Never overly sentimental, this is a poignant and elegant inquiry into mortality.

THE VIOLET HOUR

GREAT WRITERS AT THE END

How five artists dealt with that carriage that kindly stopped for them.

In this absorbing and affecting book, Roiphe (In Praise of Messy Lives, 2012, etc.) chronicles how Susan Sontag, Sigmund Freud, John Updike, Dylan Thomas, and Maurice Sendak dealt with what Freud called the “painful riddle of death.” She chose them because she always “felt some heat coming off their writing.” The last thing Sontag wanted to do was die. She was ferocious in her fights against three cancer attacks. She finally succumbed to cancer of the blood but not before enduring as a last resort great suffering and pain from a blood transfusion procedure using near-lethal doses of chemotherapy. She didn’t die; she just wore out from trying so hard to live. Roiphe notes that her hospital rooms always looked like her office at home. Freud approached his impending death from necrosis in his mouth, brought on by years of smoking his beloved cigars (he never quit), with a scientific stoicism. He finally gave up, and his private doctor performed euthanasia. Updike had been writing about death (and sex) since he was young; he often had death panics. When he accepted the fact that his lung cancer would kill him, he turned to poetry, urgent to finish Endpoint. “If style could defeat death,” writes Roiphe, “Updike would have.” Ferociously alcoholic, Thomas turned his preoccupation with death into ragingly beautiful poetry. His death at 39, Roiphe writes, was “both a great shock and utterly anticipated.” Sendak, who kept Keats’ “original death mask” in a guest room, was also obsessed with death and, Roiphe notes, wrote about it constantly in his books. He died at 83 from a stroke. As he told one interviewer: “I’m ready, I’m ready, I’m ready.” An epilogue about James Salter, who died just before Roiphe finished her book, completes this beautiful and haunting work.

Never overly sentimental, this is a poignant and elegant inquiry into mortality.

Pub Date: March 8, 2016

ISBN: 978-0-385-34359-6

Page Count: 320

Publisher: Dial Press

Review Posted Online: Nov. 24, 2015

Kirkus Reviews Issue: Dec. 15, 2015

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If the authors are serious, this is a silly, distasteful book. If they are not, it’s a brilliant satire.

THE 48 LAWS OF POWER

The authors have created a sort of anti-Book of Virtues in this encyclopedic compendium of the ways and means of power.

Everyone wants power and everyone is in a constant duplicitous game to gain more power at the expense of others, according to Greene, a screenwriter and former editor at Esquire (Elffers, a book packager, designed the volume, with its attractive marginalia). We live today as courtiers once did in royal courts: we must appear civil while attempting to crush all those around us. This power game can be played well or poorly, and in these 48 laws culled from the history and wisdom of the world’s greatest power players are the rules that must be followed to win. These laws boil down to being as ruthless, selfish, manipulative, and deceitful as possible. Each law, however, gets its own chapter: “Conceal Your Intentions,” “Always Say Less Than Necessary,” “Pose as a Friend, Work as a Spy,” and so on. Each chapter is conveniently broken down into sections on what happened to those who transgressed or observed the particular law, the key elements in this law, and ways to defensively reverse this law when it’s used against you. Quotations in the margins amplify the lesson being taught. While compelling in the way an auto accident might be, the book is simply nonsense. Rules often contradict each other. We are told, for instance, to “be conspicuous at all cost,” then told to “behave like others.” More seriously, Greene never really defines “power,” and he merely asserts, rather than offers evidence for, the Hobbesian world of all against all in which he insists we live. The world may be like this at times, but often it isn’t. To ask why this is so would be a far more useful project.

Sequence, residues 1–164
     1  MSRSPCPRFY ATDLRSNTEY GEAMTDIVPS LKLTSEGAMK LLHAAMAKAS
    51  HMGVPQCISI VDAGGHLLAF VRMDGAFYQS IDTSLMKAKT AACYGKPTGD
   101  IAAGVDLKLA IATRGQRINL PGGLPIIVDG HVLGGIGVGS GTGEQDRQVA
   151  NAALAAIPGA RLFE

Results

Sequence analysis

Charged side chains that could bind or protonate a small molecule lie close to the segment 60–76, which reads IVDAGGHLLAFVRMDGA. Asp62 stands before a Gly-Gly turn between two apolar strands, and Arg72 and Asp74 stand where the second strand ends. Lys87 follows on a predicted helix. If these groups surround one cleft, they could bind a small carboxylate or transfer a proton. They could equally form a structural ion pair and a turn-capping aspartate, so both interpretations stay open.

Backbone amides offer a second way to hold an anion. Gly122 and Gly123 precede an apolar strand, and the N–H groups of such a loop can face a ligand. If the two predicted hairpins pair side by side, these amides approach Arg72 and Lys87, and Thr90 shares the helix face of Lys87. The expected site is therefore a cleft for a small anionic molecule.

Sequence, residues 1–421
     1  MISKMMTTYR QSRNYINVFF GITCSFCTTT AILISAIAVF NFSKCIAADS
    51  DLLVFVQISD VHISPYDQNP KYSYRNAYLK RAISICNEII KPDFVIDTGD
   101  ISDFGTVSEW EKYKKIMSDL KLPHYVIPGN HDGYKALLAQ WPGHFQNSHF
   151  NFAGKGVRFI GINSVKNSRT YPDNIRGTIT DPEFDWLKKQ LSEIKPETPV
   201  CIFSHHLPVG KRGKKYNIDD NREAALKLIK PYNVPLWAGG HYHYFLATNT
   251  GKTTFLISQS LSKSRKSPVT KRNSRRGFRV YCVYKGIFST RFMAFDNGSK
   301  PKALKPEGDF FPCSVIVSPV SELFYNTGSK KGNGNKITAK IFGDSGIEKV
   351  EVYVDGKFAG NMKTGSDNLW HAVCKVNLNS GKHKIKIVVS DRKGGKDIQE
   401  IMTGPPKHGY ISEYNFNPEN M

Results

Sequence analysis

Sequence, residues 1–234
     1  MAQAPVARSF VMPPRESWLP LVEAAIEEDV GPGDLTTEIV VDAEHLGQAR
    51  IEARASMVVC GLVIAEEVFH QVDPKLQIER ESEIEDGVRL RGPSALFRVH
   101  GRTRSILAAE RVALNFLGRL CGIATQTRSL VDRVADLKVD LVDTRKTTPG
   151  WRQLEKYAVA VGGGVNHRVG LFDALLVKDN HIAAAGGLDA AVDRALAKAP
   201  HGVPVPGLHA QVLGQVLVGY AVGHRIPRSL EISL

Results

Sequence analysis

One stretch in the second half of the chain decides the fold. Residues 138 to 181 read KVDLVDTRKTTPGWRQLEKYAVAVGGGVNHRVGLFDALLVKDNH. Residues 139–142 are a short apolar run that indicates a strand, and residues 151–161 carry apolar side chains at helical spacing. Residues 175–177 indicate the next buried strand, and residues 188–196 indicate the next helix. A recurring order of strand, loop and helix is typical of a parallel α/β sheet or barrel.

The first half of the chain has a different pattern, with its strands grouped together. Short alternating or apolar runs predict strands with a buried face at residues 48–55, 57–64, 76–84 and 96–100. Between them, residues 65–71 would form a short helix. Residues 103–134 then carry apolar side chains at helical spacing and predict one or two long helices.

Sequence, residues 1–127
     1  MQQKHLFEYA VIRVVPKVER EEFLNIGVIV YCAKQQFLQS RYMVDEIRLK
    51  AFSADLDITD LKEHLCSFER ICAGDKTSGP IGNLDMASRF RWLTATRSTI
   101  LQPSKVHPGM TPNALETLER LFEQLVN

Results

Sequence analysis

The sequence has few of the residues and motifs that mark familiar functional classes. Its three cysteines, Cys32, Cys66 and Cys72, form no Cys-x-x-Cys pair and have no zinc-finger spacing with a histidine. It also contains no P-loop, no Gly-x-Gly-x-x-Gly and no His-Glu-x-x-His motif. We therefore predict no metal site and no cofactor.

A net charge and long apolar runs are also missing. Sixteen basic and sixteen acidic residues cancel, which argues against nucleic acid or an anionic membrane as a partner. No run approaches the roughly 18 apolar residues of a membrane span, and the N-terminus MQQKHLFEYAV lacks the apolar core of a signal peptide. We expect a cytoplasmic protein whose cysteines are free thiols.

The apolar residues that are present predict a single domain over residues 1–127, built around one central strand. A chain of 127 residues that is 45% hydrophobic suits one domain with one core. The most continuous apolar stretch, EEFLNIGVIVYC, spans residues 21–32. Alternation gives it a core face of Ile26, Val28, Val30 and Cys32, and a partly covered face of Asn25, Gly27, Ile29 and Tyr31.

If the authors are serious, this is a silly, distasteful book. If they are not, it’s a brilliant satire.

Pub Date: Sept. 1, 1998

ISBN: 0-670-88146-5

Page Count: 430

Publisher: Viking

Review Posted Online: May 20, 2010

Kirkus Reviews Issue: July 15, 1998

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The author's youthfulness helps to assure the inevitable comparison with the Anne Frank diary although over and above the...

NIGHT

Elie Wiesel spent his early years in a small Transylvanian town as one of four children. 

He was the only one of the family to survive what Francois Maurois, in his introduction, calls the "human holocaust" of the persecution of the Jews, which began with the restrictions, the singularization of the yellow star, the enclosure within the ghetto, and went on to the mass deportations to the ovens of Auschwitz and Buchenwald. There are unforgettable and horrifying scenes here in this spare and sombre memoir of this experience of the hanging of a child, of his first farewell with his father who leaves him an inheritance of a knife and a spoon, and of his last goodbye at Buchenwald his father's corpse is already cold let alone the long months of survival under unconscionable conditions. 

The author's youthfulness helps to assure the inevitable comparison with the Anne Frank diary although over and above the sphere of suffering shared, and in this case extended to the death march itself, there is no spiritual or emotional legacy here to offset any reader reluctance.

Pub Date: Jan. 16, 2006

ISBN: 0374500010

Page Count: 120

Publisher: Hill & Wang

Review Posted Online: Oct. 7, 2011

Kirkus Reviews Issue: Jan. 15, 2006

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